When it comes to living green, some people may think it requires major lifestyle changes.
However, by changing only a few personal habits, you could be friendly to your wallet and the environment at the same time.
In celebration of Earth Day on April 22, here are some eco-friendly ways to save money:
Grow your own food
From fruits and vegetables to herbs and spices, there’s a large variety of food you can grow at home. In addition to enjoying fresh food at a low cost, you could save extra money by cooking at home more and eating out less. If you need help getting started, try these tips to growing your own food.
Wash laundry in cold water
According to ENERGY STAR, up to 90% of the energy used for washing clothes goes toward heating the water.1 Unless the items being washed require hot water to kill bacteria, such as bed linens or cloth diapers, you could save up to $200 per year on electricity costs by washing and rinsing your laundry in cold water.2
Line dry your clothes
Electric clothes dryers are another avoidable energy cost. If you hang your laundry on a clothesline or use a drying rack, you could save money on electricity and preserve the life of your clothing as well.3 If you’ve never line-dried your clothes before, try these tricks and tips for line drying clothes.
Plant a tree
A study by the U.S. Department of Energy shows that properly shading your home can reduce air conditioning costs by 15-50%.4 While it may take time for a young tree to grow and provide adequate shading, you could buy or transplant a tree that has already matured for an immediate effect. If you don’t feel comfortable planting a tree on your own, contact your local government or utility company to see if they offer a free tree-planting program.
Use less water
Nearly 70% of the Earth’s surface is covered by water.5 However, less than 1% is available for human use.6 To help conserve this finite resource, there are many water-efficient products you can install at home to lower your water usage and water bill. Look for the WaterSense label as you shop to ensure the product is backed by the United States Environmental Protection Agency (EPA).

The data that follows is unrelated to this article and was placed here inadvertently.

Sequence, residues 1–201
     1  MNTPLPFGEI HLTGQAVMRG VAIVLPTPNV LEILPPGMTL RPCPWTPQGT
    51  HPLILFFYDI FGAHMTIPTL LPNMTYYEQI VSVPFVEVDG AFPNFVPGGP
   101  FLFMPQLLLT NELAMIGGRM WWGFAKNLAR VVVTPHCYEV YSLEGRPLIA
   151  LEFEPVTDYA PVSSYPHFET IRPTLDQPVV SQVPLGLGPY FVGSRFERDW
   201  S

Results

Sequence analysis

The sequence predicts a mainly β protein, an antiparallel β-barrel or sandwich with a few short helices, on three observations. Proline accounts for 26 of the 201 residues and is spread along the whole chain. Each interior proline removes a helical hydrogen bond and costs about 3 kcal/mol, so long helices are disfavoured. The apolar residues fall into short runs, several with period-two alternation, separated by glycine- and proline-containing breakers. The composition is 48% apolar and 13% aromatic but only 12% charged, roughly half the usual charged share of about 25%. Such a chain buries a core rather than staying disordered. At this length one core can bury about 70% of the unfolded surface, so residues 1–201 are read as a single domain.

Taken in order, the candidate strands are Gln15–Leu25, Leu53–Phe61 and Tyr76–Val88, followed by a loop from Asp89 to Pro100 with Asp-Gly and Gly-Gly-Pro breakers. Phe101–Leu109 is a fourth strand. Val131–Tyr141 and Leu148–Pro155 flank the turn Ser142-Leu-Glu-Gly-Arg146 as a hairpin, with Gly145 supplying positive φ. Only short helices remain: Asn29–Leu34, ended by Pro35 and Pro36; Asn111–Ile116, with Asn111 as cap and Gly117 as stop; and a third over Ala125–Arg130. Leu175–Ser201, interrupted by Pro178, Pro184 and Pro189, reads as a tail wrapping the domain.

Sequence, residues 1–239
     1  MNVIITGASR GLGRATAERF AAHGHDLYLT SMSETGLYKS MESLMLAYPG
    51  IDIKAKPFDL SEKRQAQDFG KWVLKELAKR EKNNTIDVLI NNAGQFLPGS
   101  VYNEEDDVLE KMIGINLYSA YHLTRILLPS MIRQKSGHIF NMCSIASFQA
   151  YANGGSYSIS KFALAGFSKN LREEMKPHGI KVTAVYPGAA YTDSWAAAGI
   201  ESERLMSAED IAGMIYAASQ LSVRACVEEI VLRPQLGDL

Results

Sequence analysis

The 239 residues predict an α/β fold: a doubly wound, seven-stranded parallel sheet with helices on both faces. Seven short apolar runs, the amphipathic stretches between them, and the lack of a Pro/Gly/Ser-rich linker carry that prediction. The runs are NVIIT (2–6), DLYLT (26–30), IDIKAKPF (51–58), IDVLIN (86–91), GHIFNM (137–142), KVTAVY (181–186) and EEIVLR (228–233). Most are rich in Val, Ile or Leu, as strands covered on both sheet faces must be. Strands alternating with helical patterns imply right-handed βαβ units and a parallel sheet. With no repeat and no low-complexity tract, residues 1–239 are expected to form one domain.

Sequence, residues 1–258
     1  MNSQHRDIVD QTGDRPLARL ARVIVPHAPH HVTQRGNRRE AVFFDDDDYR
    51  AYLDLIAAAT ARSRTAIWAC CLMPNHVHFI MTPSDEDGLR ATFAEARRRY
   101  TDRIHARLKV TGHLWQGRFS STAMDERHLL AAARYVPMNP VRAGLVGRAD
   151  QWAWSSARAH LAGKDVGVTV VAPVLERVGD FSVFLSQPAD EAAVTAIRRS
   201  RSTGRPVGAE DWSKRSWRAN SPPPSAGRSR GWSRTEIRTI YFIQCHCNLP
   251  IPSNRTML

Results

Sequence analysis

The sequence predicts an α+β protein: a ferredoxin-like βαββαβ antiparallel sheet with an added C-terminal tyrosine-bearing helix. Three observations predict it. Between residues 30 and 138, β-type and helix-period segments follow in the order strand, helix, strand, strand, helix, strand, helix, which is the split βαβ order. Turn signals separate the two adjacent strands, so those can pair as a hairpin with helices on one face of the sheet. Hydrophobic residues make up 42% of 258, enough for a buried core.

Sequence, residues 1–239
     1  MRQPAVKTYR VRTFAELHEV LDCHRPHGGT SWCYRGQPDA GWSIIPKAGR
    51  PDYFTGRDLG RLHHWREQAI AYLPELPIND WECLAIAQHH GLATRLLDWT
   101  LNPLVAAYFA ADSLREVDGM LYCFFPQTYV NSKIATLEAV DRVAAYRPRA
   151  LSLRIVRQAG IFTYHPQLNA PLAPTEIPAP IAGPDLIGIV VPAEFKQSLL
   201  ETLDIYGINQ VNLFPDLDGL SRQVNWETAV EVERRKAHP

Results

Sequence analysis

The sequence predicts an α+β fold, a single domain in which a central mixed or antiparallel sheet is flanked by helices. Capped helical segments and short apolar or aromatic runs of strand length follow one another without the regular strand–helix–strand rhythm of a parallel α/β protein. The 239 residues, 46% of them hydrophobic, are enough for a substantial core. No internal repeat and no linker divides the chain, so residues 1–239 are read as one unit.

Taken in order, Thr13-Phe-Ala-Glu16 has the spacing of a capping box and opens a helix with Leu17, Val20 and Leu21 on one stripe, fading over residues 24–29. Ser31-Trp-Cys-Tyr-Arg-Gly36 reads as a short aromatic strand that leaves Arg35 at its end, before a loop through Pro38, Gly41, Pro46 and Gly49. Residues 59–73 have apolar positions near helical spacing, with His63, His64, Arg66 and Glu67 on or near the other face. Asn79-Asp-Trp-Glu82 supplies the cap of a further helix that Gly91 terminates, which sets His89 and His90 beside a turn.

Change your lightbulbs
Energy-efficient lightbulbs, such as compact fluorescent lamps (CFLs) and light emitting diodes (LEDs), offer several advantages over traditional incandescent lightbulbs.7 For example, they can last up to 25 times longer and use approximately 25-80% less energy over their lifetime.8 If you replaced the five most-used bulbs in your home with CFLs or LEDs, you could save up to $75 each year on electricity costs.9
Unplug appliances when not in use
Known as “energy vampires,” some appliances can continuously draw power from an outlet when turned off or in “standby” mode.10 Over the course of a year, this could cost the average household hundreds of dollars in energy costs.11 Unplugging these appliances when not in use or using an energy-saving power strip are simple yet effective ways to cut off the electrical supply and save money in the process. For a list of potential appliances to unplug, reference this article by the U.S. Department of Energy.